Updated: Sep 15
I have this 'thing' about inaccurate reporting by 'professional' journalists - especially when it comes to what the South African government is and is not doing. Yes, I know: our politicians and bureaucrats have their shortcomings (and BIG-goings-around-comings-around, too, I suspect). But when something positive happens, it would be great if mainstream media reporters got it right.
A recent example was an announcement from the Department of Mineral Resources and Energy on new generation capacity. A media statement was apparently sent on Thursday 10 September to leading media houses - but entirely misreported or under-reported in articles since updated, thank goodness. Unfortunately, the statement was only posted on the department's website the following day. But that's no excuse. It's contents are as clear as day, so why didn't the media hacks read it, do some research and report on it accurately?
In this week's 'From the desk of the President', Cyril Ramaphosa wrote: 'The proliferation of fake news during the pandemic, primarily on social media platforms, has added to the urgency for more news that is accurate, fair and impartial'. Yes, I know: he's criticised left, right and centre for pretty much everything (not necessarily always without justification), but the point needs to be made.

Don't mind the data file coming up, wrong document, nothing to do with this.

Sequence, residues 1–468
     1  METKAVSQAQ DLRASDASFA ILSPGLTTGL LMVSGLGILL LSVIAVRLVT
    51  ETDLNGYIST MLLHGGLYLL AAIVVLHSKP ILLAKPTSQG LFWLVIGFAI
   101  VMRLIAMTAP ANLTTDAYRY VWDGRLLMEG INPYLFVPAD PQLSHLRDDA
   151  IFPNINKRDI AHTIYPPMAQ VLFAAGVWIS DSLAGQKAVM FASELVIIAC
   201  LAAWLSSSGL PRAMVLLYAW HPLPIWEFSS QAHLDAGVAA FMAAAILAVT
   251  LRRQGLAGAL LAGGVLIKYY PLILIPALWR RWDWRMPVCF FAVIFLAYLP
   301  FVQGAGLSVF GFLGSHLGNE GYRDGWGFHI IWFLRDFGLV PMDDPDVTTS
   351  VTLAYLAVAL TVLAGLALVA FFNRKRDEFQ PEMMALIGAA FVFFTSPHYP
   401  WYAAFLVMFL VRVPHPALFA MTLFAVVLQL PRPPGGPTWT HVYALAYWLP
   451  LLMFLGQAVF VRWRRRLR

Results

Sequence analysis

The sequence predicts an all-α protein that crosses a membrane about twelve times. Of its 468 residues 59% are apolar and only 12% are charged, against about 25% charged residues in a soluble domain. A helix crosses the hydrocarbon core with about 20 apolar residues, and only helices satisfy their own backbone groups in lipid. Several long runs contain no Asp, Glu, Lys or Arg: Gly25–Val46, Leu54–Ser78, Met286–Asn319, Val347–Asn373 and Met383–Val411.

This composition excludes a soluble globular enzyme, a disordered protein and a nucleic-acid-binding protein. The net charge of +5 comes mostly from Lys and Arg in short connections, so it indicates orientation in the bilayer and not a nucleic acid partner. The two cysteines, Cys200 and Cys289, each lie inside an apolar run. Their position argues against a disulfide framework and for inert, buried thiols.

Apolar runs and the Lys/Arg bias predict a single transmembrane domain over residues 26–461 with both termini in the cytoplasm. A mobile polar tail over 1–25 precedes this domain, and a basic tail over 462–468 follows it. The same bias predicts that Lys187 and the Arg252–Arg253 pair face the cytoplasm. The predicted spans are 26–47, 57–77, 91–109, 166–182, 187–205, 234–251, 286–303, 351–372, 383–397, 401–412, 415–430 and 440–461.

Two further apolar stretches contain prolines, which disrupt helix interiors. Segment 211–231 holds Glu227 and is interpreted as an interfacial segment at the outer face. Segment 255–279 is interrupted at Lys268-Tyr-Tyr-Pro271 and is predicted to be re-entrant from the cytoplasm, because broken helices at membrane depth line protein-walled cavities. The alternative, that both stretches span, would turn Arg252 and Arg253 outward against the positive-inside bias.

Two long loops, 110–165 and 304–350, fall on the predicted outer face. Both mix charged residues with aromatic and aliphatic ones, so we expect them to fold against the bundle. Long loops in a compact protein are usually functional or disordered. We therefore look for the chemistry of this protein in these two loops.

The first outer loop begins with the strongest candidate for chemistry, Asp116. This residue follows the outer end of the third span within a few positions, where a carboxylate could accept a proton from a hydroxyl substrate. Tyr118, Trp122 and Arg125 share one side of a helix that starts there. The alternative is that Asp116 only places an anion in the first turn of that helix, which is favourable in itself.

When the news on more new energy generation capacity broke, flabbergasted by the really awful articles I noticed when trawling the world wide web (which I do daily as part of my job), I wrote this for Legalbrief Policy Watch:
When the media statement was eventually posted on the department's website, I followed up with this:
Because reporting on government policy and new legislation is what I'm paid to do, I meticulously research and painstakingly examine the source documents I use. When a media house receives an official statement from any government department, it should ensure that its own hacks do the same. No self-respecting journalist wants to be known as a hack, least of all a good one ...